BOB GARFIELD: Amazon, in pioneering online sales, eradicated leasing costs and, as a result, simply decimated bookstores. For what possible reason would it now, in one store or 400, take those costs and limitations on?
ROB SALKOWITZ: Amazon doesn't make very much money selling books, even online. What is a moneymaking business is their cloud data services. What these stores are, in my view, is not necessarily a place for shoppers to find books. It's more a showcase for Amazon’s data services and a way to get other retailers interested in the opportunities of bringing data into a physical retail environment.
BOB GARFIELD: Huh, so the company that's turned big-box retailers into showrooms for its own online sales [LAUGHS] is building a showroom to showcase its own cloud and data possibilities.
ROB SALKOWITZ: Yeah, it’s exactly that. When you're online and you’re shopping for something on a website, they know everything about you. They know what you're looking at, how long you're on that page, what you put in your cart, what you leave in your cart, anticipate your behavior, give you offers that’ll prompt you to buy more stuff. Once you walk into a physical store, all of that goes away. You're completely anonymous.
So the problem that Amazon has solved at their retail location is that they don’t have prices on anything. In order to get the price, you point your phone, with the Amazon app running, at the shelf label and it gives you the price of that item from the website. But the most important thing is it identifies that you’re you in that store, looking at that item, at that time. And all of a sudden, all of that data that Amazon has about you can come into play into that transaction.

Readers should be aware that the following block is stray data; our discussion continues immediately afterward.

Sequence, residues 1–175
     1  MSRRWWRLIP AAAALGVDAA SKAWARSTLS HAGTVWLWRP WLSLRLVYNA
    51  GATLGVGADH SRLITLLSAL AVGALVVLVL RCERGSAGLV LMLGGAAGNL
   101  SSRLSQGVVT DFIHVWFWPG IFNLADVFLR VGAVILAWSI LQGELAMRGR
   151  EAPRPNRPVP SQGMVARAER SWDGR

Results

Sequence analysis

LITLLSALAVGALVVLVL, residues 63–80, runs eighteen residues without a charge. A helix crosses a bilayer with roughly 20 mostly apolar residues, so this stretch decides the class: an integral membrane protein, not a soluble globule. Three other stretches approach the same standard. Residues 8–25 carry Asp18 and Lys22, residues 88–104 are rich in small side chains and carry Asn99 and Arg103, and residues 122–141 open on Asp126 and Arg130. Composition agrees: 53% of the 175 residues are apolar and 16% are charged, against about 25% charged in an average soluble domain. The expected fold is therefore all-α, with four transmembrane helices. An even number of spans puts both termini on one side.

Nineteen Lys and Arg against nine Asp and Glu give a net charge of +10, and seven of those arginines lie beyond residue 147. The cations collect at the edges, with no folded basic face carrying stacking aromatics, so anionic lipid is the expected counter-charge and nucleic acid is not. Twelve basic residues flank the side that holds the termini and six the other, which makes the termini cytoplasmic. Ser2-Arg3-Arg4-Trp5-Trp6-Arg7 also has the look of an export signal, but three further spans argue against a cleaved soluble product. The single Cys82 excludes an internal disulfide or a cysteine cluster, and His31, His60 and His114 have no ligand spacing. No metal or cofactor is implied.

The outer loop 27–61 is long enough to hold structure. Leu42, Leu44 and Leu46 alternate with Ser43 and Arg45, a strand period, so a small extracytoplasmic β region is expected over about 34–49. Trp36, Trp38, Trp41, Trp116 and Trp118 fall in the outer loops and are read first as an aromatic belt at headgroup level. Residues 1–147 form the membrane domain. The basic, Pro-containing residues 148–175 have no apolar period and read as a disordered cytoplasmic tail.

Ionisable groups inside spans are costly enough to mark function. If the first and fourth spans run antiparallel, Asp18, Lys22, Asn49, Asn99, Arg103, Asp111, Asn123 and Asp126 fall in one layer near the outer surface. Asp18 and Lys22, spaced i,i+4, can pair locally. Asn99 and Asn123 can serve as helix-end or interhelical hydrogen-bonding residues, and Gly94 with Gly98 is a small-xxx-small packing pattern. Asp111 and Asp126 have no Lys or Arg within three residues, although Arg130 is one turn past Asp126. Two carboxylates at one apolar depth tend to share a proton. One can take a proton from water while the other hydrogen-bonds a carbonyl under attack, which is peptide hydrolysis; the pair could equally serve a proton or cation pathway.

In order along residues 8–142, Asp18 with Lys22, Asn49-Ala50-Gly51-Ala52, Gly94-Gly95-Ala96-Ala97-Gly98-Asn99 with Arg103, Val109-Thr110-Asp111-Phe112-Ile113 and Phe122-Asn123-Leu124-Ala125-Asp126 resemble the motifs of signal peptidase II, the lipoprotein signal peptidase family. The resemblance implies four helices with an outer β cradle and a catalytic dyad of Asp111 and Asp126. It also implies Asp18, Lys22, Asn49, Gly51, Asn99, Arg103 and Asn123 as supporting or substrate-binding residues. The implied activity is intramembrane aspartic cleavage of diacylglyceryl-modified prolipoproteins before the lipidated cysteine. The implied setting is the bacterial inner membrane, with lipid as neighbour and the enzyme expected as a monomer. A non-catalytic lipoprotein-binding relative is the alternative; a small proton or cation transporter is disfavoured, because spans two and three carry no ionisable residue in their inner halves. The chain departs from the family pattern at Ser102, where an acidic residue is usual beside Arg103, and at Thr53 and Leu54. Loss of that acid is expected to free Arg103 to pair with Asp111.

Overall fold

BOB GARFIELD: But what's confusing to me is that the number of people who will ever walk in to an Amazon store is a few thousand in a week. And I just took a look at the last numbers. Every day, 34 dregwillion people go online to shop at Amazon. How can the data they get from the flesh-and-blood humans in their brick-and-mortar store really make any kind of difference?
ROB SALKOWITZ: What they’re actually doing is they’re trying to sell the data services to other retailers, Macy's or Safeway where you don’t have goods that can ship very easily, soft goods, clothing that you want to try on in the store. All of those retailers have the same problem. They have online shoppers with information attached to them and then they have people in their stores who could be their best customers and they would never know it. And what Amazon has done is give you a reason to take that phone out of your pocket, to get the price, to get the information about the product, to get all of this other stuff. They actually have the customers identify themselves. And then, as soon as you do that, they can offer you all kinds of additional discounts, additional incentives to make it much more likely that you will buy whatever it is you have in your hand at the store.